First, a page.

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Thermal Properties

Thermal properties are very important for the annealing, heat treatment, thermal shock, molding and coating of optical glasses. The thermal properties are characterized by transformation temperature (Tg), sag temperature (Ts), annealing point (T1013), softening point (T107.6), mean coefficient of linear thermal expansion ( α-30/+70ºC, α100/300ºC), Thermal Conductivity (λ) and specific heat capacity (Cp).




Figure 1: Thermal Expansion Curve


Transformation temperature is determined by the temperature at an intersecting point of two tangents in lower and higher temperature bounds of a thermal expansion curved as shown in figure 1. Around this temperature, the glass gradually transforms from a low temperature solid glassy state to a higher temperature super-cooled liquid state.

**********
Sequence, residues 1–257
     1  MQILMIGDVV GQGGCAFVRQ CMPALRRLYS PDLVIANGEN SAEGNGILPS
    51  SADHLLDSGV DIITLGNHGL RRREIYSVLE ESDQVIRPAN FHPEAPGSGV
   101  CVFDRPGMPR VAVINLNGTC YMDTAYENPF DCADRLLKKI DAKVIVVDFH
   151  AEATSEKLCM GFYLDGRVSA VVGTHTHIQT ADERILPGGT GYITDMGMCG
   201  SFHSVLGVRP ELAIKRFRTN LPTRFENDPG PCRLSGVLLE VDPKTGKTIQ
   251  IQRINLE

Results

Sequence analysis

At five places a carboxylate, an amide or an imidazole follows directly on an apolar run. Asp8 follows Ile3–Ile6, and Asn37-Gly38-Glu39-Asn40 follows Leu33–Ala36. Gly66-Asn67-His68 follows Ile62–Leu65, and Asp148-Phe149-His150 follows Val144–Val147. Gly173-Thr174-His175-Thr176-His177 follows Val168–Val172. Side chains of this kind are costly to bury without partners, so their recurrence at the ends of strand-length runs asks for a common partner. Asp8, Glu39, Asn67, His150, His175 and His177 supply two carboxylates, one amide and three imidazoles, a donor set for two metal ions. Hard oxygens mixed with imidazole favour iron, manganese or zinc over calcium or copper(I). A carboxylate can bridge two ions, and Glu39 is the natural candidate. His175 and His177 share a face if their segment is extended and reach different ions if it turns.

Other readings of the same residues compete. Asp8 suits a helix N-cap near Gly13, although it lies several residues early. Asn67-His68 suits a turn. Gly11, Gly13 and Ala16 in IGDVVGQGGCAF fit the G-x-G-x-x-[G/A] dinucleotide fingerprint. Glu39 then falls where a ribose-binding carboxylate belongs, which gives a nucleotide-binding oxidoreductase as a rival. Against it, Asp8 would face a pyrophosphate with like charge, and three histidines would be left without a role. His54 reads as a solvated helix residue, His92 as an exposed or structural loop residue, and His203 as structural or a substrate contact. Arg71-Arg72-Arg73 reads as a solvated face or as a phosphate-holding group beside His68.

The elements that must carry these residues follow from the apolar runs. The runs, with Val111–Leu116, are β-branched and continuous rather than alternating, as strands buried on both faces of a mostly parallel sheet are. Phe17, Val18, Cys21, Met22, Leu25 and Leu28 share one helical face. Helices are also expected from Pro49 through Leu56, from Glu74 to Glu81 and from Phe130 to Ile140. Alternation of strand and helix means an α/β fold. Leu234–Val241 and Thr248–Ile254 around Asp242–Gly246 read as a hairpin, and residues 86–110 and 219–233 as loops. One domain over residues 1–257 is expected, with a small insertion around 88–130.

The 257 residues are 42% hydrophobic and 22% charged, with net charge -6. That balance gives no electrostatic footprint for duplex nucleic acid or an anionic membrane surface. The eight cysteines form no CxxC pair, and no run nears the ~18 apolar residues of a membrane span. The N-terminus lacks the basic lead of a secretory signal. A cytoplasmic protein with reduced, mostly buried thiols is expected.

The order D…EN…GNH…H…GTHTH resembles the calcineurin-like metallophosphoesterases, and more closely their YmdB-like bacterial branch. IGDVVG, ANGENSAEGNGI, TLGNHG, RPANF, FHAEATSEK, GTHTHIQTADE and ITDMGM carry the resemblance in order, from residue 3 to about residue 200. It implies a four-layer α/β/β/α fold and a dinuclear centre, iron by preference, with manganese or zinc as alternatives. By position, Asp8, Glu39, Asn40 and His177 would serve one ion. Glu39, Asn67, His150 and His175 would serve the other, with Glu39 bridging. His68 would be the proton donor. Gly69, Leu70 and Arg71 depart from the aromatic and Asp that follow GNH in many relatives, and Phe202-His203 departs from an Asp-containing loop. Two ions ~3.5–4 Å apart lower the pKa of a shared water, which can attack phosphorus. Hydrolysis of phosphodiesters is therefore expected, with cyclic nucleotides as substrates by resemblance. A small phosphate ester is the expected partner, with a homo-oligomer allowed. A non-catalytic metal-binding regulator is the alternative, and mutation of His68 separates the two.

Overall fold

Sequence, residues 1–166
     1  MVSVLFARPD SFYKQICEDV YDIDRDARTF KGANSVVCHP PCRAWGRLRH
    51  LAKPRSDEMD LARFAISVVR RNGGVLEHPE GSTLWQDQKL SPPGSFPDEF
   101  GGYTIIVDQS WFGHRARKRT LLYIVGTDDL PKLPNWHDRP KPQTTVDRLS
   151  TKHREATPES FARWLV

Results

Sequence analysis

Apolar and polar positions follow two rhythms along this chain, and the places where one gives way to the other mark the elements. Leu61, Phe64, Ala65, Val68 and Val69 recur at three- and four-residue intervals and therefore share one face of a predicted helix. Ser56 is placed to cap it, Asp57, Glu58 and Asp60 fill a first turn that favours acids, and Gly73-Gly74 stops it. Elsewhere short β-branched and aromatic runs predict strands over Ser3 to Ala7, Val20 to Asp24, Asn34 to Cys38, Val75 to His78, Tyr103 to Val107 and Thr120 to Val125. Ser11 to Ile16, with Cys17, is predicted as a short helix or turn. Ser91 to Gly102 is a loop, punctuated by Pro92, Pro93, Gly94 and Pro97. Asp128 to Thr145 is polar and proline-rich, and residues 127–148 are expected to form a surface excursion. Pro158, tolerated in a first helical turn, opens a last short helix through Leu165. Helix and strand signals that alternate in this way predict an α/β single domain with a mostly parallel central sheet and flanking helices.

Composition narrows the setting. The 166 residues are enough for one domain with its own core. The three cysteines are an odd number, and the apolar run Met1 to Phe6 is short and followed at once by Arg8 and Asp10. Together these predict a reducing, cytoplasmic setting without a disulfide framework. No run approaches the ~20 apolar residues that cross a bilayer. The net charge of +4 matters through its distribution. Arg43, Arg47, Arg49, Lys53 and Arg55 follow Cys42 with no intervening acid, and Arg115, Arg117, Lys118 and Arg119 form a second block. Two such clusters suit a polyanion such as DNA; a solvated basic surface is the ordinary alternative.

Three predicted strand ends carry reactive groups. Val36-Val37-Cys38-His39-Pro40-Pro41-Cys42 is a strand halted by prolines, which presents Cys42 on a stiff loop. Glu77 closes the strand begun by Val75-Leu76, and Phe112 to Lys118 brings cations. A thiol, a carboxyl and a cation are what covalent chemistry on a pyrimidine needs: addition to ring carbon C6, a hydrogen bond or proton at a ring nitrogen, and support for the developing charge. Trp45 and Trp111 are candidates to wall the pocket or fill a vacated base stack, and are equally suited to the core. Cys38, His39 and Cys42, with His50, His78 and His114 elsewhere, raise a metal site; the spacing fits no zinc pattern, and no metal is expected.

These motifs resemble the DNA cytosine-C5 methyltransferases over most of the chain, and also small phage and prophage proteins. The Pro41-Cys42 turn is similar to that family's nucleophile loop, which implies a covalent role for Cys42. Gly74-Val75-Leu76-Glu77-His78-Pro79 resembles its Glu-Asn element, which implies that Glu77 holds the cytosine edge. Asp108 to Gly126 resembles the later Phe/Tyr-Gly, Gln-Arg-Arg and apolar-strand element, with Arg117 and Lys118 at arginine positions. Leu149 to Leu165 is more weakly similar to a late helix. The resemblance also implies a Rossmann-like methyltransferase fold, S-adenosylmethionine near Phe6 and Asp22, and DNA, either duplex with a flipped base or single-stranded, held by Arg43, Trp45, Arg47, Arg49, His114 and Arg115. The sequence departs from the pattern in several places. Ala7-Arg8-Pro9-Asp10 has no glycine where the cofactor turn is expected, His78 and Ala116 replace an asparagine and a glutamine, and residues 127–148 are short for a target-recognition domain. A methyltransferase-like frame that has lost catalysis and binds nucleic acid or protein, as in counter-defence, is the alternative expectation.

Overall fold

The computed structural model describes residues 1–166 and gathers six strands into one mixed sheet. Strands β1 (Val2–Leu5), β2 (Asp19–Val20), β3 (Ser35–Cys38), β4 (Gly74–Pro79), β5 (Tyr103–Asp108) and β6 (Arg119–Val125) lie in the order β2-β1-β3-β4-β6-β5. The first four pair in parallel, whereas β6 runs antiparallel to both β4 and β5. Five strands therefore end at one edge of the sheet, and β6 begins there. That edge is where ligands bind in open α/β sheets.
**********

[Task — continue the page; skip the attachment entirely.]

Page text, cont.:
Sag temperature indicates a temperature at which expansion stops and contraction starts.

The annealing point (T1013) is important for the annealing of glass. At this temperature, the internal stresses in a glass are relieved within 30 minutes and the glass has a viscosity of 1013dPa·s.

The so-called softening point ( T107.6) indicates a temperature at which a glass deforms under its own weight and the glass has a viscosity of 107.6dPa·s.

The mean coefficient of linear thermal expansion is given in two temperature ranges. One is from -30°C to 70°C for room temperature, while the other is from 100°C to 300°C for high temperature.


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